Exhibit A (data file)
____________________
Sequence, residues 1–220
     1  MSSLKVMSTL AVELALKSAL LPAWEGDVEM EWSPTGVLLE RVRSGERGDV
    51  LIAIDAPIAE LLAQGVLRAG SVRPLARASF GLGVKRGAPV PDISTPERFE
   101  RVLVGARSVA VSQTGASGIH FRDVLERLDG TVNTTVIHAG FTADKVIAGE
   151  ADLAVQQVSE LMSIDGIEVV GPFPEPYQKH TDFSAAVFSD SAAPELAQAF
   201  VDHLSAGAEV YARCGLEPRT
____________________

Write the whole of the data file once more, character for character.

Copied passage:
Sequence, residues 1–220
     1  MSSLKVMSTL AVELALKSAL LPAWEGDVEM EWSPTGVLLE RVRSGERGDV
    51  LIAIDAPIAE LLAQGVLRAG SVRPLARASF GLGVKRGAPV PDISTPERFE
   101  RVLVGARSVA VSQTGASGIH FRDVLERLDG TVNTTVIHAG FTADKVIAGE
   151  ADLAVQQVSE LMSIDGIEVV GPFPEPYQKH TDFSAAVFSD SAAPELAQAF
   201  VDHLSAGAEV YARCGLEPRT